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I'm trying to move an old internal web site into its own app pool run by its own service account, so that I can get finer-grained control over its permissions and such.

The site is set up to use NTLM authentication and it's not quite large enough for me to want to bother setting up Kerberos. The NTLM auth works fine under the old, default app pool, but when I moved the site to the new app pool and set the Identity to be that of the service account, any attempt to load the page would result in three login prompts followed by a 401.1 error (basically, what gets described here, except that Kerberos shouldn't be involved anywhere).

The service account is in the IIS_WPG group. I checked to make sure that the service account and the user trying to acecss the site both had access to the site's directory, and they do (both have read/execute, write, list contents, and modify). I also turned on Anonymous Access and was able to load the site that way (I then turned it back off for further testing).

Out of curiosity, I tried setting the app pool back to the default account and tried again without changing any other settings. This time it worked just fine--the user was seamlessly and correctly authenticated by the site without any issues. Naturally, this confuses me a little, since I didn't change any other settings.

Are there some permissions inherent to the default IIS account that would allow this? Is there a permission I need added to my service account so that it can authenticate users with Active Directory?

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Is the account a member of the local IIS_WPG group?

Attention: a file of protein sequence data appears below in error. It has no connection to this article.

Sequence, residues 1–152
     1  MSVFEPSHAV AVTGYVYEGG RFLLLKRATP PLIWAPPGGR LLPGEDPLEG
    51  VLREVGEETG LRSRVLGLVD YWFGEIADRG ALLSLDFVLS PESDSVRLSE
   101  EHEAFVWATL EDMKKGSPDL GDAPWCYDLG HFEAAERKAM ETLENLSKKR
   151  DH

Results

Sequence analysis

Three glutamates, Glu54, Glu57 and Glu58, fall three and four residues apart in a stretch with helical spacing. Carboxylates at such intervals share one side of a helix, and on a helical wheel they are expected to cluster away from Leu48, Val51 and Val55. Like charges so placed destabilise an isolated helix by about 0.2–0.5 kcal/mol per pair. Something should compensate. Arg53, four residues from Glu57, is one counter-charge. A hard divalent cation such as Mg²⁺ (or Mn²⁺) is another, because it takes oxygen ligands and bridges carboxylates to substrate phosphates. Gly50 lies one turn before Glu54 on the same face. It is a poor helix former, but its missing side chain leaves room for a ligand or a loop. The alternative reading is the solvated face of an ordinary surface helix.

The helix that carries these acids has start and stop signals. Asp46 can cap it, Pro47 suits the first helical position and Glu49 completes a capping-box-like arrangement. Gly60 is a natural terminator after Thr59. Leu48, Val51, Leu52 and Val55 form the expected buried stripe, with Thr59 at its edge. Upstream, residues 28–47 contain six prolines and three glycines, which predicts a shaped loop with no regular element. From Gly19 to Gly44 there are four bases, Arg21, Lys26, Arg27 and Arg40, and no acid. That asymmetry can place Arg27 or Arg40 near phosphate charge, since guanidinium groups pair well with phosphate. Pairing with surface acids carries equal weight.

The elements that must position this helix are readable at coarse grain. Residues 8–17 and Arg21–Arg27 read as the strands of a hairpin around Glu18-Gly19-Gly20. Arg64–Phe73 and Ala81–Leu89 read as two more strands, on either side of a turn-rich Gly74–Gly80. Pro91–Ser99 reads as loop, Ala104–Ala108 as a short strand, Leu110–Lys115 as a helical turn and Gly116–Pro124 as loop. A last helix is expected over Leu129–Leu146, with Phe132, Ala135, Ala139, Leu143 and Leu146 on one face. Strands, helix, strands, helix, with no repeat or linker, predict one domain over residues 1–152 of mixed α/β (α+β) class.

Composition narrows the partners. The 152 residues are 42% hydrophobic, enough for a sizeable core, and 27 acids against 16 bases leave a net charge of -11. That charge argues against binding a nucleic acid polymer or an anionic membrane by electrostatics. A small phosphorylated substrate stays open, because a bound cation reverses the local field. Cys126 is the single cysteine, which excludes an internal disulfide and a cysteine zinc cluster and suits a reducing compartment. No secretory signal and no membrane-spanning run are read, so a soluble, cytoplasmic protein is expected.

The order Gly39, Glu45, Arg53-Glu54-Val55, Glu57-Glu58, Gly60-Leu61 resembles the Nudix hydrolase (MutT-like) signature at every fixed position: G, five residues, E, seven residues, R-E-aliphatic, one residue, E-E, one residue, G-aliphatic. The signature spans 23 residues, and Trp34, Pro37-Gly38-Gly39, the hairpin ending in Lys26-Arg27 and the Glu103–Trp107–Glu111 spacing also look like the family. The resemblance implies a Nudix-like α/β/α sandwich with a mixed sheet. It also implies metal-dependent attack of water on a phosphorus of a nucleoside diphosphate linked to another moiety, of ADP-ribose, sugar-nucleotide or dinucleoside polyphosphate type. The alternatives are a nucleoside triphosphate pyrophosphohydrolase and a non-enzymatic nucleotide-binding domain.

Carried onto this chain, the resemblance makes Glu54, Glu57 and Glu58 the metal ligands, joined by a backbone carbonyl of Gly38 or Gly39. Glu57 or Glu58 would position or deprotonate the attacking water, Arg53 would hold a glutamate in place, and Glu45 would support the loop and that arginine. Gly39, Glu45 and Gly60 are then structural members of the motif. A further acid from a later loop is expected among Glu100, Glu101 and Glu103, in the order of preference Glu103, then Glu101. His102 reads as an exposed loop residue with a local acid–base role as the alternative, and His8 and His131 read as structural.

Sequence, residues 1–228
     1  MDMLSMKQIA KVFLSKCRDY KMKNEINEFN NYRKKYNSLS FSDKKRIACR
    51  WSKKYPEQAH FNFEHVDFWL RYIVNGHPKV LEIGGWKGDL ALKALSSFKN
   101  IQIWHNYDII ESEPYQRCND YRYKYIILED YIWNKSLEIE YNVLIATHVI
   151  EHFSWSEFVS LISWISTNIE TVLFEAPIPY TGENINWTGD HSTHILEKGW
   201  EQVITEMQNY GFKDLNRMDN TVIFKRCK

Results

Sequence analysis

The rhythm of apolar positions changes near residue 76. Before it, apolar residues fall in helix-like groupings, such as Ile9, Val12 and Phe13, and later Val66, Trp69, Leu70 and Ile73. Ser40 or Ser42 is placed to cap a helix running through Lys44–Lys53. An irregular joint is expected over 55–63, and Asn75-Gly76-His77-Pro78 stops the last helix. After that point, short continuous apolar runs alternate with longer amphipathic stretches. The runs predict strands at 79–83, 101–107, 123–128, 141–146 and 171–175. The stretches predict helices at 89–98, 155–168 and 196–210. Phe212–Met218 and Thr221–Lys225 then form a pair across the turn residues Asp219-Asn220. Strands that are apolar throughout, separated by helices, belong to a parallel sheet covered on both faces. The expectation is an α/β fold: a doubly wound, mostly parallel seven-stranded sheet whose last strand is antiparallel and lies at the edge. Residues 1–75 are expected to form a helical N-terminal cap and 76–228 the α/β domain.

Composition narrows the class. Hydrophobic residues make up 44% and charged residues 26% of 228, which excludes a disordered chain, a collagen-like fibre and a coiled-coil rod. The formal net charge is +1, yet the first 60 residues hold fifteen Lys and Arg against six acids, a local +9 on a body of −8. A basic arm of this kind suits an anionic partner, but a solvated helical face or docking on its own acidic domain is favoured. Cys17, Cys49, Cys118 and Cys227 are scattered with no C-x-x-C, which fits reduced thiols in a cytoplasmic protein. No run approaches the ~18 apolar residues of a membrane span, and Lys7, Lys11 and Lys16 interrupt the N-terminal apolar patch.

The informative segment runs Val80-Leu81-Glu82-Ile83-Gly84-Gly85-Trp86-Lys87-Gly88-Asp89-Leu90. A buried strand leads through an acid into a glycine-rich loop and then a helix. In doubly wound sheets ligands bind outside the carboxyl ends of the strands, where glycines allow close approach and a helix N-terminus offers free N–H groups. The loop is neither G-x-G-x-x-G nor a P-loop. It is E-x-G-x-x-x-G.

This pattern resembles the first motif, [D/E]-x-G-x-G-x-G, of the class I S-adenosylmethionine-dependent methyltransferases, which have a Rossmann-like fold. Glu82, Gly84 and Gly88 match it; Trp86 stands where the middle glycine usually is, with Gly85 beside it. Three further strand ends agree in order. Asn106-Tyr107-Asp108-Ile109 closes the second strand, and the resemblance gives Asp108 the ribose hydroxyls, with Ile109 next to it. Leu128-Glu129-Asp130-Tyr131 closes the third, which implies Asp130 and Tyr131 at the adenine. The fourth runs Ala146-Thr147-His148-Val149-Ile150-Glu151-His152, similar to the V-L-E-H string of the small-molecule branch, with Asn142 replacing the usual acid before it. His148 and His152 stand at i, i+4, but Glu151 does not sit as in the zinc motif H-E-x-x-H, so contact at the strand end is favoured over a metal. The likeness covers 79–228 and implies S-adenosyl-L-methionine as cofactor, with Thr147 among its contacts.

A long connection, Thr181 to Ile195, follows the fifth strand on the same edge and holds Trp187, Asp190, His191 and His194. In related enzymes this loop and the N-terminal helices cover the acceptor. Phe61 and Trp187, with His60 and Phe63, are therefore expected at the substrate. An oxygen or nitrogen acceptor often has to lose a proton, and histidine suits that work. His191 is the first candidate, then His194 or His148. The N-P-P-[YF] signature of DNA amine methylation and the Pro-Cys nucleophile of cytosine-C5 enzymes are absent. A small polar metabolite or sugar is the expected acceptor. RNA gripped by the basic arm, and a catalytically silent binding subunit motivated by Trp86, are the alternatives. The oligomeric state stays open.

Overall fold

https://www.microsoft.com/technet/prodtechnol/WindowsServer2003/Library/IIS/3648346f-e4f5-474b-86c7-5a86e85fa1ff.mspx?mfr=true

The IIS IIS_WPG group account has the minimum permissions and user privileges that are necessary to start and run a worker process on a Web server. Application pool identities must be members of this group so the application pool can register with Http.sys. The following table shows the default user privileges for the IIS_WPG account, along with how each privilege is derived.

Privilege * Source

Access this computer from the network (SeNetworkLogonRight) * Through membership in the Everyone group

Bypass traverse checking (SeChangeNotifyPrivilege) * Through membership in the Everyone group

Impersonate a client after authentication (SeImpersonatePrivilege) * Explicit assignment

Log on as a batch job (SeBatchLogonRight) * Explicit assignment
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It is. Forgot to mention that in the question. Just added that information. –  Angle O'Saxon Apr 24 '13 at 13:45
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